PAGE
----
“Always do your best. What you plant now, you will harvest later.” – Og Mandino

Just as a professional boxer uses the parry which, properly executed, allows the fighter to deflect an oncoming jab with the slightest flick of the wrist, these phrases take the force that your difficult person is throwing your way and defuses it. Often you’ll find that using these phrases even gives you the advantage.

Have you personally used any of these phrases? Did they help? Please give us your feedback in the comment section below!
Bob Burg is a world-renowned speaker and best-selling author. His book, The Go-Giver, coauthored with John David Mann, is a Wall St. Journal Business Bestseller which has sold more than 500,000 copies. Their newest book is The Go-Giver Leader. Burg hosts “The Go-Giver Podcast. www.thegogiver.com

4 COMMENTS

  1. Good one. I am not in part of negotiating anything in my life so far. But I have to do the play in coming days. I am planning to buy a residential plot. For that I need to negotiate with the owners, brokers etc about the estimated cost. Please give advice on that too!

    • Thank you, Ram. I’m glad you enjoyed the post. In answer to your question, “Negotiation” (the win/win kind) is, in and of itself, a subject to be studied and is beyond the scope of this response. Understanding the principles behind effective win/win negotiation will increase your chances for significant success throughout your life, and not just in business, but personally, relationally, socially, and in all other ways important to living a life of success and happiness. So, my first suggestion is to begin purchasing books that teach this subject. And, remember, for you to win, the other person also needs to win. Negotiation – at its heart and when done correctly – is not a zero-sum game but rather one in which all parties attain more of what they want.

      Now, regarding a quick answer to your question that will get you off to a good start, begin by asking yourself what it is you want. What must you have in order to feel good about the transaction? Then, do your research in order to determine what the other person wants (or at least needs) in order for them to come away feeling good about the transaction. When you understand both of these elements, you are now negotiating from a knowledge base, which is very important. From there, you must know what needs to be done in order to make this happen. If you are not experienced in this regard perhaps hire someone who is and can help you through the process. You also need to be able to “walk away from the deal” IF you don’t feel as though you are going to get what you want from it.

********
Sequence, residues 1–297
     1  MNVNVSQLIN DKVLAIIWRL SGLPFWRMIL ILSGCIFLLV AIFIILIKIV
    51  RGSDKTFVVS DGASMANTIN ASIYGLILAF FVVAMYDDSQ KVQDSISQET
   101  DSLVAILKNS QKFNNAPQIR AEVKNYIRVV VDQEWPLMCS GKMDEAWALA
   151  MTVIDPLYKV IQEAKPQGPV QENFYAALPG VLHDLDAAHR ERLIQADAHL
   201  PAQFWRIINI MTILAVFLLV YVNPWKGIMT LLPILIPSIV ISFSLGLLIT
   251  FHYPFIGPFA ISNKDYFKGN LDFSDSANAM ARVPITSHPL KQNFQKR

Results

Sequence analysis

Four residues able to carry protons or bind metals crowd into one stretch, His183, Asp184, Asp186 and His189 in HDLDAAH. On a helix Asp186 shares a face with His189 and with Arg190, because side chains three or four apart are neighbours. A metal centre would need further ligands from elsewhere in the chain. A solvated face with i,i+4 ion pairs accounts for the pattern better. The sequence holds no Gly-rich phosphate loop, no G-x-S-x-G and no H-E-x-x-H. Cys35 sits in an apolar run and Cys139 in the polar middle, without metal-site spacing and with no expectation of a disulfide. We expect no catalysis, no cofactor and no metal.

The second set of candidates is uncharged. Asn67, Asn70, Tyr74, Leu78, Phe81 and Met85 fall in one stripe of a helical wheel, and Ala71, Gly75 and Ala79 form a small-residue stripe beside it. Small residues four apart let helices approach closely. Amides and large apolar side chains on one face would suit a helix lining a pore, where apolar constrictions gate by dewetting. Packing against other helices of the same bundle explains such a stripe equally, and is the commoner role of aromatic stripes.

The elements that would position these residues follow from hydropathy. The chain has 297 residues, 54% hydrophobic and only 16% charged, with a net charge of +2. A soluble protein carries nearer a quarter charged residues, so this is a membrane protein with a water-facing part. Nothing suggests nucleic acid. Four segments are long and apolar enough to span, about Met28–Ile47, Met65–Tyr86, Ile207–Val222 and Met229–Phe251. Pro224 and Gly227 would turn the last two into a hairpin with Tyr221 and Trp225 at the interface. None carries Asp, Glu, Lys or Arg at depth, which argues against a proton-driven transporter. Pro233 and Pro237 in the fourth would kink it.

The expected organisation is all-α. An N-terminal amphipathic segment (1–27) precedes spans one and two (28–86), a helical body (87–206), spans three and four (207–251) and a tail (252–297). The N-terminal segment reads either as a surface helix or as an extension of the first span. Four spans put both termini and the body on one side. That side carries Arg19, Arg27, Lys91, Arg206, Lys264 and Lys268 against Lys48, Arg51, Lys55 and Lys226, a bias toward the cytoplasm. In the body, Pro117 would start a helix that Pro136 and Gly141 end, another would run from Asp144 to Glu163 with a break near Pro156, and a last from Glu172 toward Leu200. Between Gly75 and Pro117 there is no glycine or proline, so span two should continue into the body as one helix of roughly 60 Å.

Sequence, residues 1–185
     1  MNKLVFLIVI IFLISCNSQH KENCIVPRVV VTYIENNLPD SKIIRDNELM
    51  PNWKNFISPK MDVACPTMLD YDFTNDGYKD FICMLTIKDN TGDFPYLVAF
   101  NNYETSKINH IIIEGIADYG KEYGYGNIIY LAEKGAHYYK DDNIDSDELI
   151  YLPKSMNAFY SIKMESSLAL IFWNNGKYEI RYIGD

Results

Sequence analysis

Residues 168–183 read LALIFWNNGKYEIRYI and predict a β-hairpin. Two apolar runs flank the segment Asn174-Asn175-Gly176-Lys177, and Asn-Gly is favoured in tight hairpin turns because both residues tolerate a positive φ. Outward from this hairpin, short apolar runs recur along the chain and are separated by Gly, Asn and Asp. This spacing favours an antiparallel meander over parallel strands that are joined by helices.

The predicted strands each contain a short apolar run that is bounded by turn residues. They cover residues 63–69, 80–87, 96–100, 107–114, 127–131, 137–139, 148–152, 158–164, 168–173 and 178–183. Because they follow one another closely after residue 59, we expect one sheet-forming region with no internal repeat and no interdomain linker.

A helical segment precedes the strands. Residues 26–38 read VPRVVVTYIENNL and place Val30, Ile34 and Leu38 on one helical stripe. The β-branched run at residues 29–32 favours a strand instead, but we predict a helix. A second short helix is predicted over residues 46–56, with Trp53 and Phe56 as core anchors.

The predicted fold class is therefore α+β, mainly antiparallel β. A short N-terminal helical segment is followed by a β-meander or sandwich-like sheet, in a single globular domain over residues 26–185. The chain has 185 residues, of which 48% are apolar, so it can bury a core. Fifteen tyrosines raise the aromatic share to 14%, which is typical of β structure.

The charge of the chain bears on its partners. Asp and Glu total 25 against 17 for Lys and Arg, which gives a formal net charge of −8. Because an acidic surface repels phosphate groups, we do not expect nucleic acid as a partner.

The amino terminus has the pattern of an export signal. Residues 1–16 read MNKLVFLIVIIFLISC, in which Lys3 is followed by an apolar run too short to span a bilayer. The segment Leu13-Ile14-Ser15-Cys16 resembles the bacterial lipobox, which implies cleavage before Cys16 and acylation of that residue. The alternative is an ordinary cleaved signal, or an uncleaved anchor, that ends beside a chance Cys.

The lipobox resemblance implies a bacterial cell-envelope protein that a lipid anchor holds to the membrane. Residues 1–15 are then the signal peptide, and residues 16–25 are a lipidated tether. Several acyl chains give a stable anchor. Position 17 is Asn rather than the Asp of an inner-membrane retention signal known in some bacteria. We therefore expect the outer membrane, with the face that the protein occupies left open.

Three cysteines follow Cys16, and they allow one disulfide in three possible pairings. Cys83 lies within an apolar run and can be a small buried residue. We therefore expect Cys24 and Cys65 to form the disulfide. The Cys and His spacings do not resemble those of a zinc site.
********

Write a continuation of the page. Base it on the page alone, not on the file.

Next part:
Key point: While it helps all parties when the other party is also a win/win negotiator, the fact is, they may not be. They may not care about you attaining satisfaction but it doesn’t matter – so long as you are doing it this way, that’s all that counts. And, you will actually attain more doing it this way because you’ll keep in mind that the only way they are going to do the transaction is if they get what they need. The same for you.

      Please do not misinterpret this as you doing something counter-productive to yourself. Not at all. It simply means that if it isn’t a good deal for everyone…then it’s not a good deal.

      I hope this helps in at least some small way. Best wishes for great success!

  2. I love that you referred to the book “7 Habita of Highly Effective People” I’d also say it’s a similar technique in “How to Win Friends and Influence People” it’s all about seeing it from their point of view.

    The best part is the last point, instead of us guessing and offering something that the opposite party might not even want, we should directly ask them “So what can I do for you to resolve this situation?” There’s no escaping them answering that, I’ve had people say “well you’re the one who should offer me something” I always respond with “but that’s what I want, I’m looking to please you” Works every time!

    Great article, thanks 🙂